Prescription Drugs and How They May Affect The Way We Drive

Prescription Drugs and How They May Affect The Way We Drive

Prescriptions Drugs Can Result in a DUI 

Drugged driving is just as dangerous as driving under the influence of alcohol.  It may affect your ability to operate a vehicle. When you hear the term ‘drugged driving’ you may think of illegal drugs, but this also includes prescription drugs and even over the counter medications. In fact, of fatality accidents involving drug use, 46.5% of those accidents involved prescription drugs. The courts can charge you with a DUI even if you are taking prescription medication. 

Statistics show that most people are unaware of the impacts that prescription drugs have on your ability to drive. According to the AAA, “While two-thirds of drivers consider driving under the influence of alcohol to be a serious threat, only 28 percent of drivers believe the same about driving while using prescription drugs.”  Perhaps the most worrying fact of all is, over 50% of Americans have taken prescription drugs within the last 30 days.

If a police officer pulls you over in Arizona, they can arrest you for a DUI for drugged driving, without any proof. Arizona State has a ‘zero tolerance’ rule on drugged driving. If you are arrested you will be subject to the same penalties as a DUI. To prevent getting pulled over while taking prescription medications, you must first assess whether it is safe for you to get behind the wheel. The DUI is not worth it. 

The most common side effects of prescription drugs are drowsiness. Drugs that include a sedative may make you become more distracted and less reactive while driving.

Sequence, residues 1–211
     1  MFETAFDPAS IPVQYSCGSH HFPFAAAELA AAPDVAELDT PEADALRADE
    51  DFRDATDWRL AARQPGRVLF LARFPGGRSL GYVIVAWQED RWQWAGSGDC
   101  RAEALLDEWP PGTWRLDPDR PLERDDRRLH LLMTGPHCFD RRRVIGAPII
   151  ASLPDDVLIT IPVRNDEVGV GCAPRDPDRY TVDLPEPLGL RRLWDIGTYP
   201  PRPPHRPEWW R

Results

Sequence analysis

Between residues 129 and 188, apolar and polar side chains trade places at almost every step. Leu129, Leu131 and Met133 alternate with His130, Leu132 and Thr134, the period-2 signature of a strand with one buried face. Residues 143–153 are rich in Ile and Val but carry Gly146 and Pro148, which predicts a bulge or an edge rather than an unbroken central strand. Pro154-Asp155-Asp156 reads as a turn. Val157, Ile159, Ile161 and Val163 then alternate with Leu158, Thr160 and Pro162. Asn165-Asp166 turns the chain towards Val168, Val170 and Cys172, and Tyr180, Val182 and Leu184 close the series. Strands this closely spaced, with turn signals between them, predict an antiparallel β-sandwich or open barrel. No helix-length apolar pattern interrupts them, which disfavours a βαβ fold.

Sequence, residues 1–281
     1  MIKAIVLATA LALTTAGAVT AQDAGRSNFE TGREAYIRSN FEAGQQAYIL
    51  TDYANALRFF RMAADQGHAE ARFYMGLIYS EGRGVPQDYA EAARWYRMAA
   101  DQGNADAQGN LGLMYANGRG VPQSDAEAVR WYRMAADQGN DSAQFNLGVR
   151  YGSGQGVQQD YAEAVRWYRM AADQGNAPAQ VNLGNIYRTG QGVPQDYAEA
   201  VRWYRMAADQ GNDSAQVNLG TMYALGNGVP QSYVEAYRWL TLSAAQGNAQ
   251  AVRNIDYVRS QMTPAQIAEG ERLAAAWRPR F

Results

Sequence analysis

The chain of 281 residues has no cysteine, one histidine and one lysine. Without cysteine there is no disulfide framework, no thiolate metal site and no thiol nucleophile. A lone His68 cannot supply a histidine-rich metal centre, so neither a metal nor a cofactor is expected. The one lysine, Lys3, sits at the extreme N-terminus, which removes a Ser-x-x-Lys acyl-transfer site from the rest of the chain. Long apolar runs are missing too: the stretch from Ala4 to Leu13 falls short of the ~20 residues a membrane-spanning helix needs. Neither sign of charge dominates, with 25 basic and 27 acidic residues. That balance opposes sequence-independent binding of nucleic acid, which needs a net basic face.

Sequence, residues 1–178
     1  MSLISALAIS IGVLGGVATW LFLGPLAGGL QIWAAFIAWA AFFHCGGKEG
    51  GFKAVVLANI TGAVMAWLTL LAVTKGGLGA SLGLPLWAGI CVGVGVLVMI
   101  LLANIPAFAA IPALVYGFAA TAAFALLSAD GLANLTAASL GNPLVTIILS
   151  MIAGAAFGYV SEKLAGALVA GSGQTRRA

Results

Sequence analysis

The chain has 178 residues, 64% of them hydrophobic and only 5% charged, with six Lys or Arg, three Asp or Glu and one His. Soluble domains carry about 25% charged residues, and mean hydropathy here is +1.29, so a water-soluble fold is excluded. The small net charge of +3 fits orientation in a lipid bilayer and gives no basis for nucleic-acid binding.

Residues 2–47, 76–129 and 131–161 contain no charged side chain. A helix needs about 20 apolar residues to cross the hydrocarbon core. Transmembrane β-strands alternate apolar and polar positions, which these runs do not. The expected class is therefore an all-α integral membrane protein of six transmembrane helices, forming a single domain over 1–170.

There are a vast number of drugs that include these, some of the most common ones are:

 

  • Opioids, morphine, codeine, Vicodin, methadone, OxyContin, etc
  • Tranquilizers
  • Antidepressants
  • Muscle Relaxants
  • Prescription Sleep Aids
  • Antihistamines
  • Barbiturates

In addition, the AAA reported that many over the counter drugs can also impact driving. For example, just one dose of diphenhydramine, which is used in many allergies, cold and flu medicines, can impair your perception of speed and spatial awareness.

To avoid getting a prescription drug DUI, you must always read all of the side effects of each and every drug you take. Take the drug one to two days before you get behind the wheel to assess how it makes you feel. Most importantly, consult your doctor or pharmacist if you are unsure whether your driving will be affected.

Driving under the influence of any drug can prove extremely dangerous.

Contact us today for expert advice and consultation.

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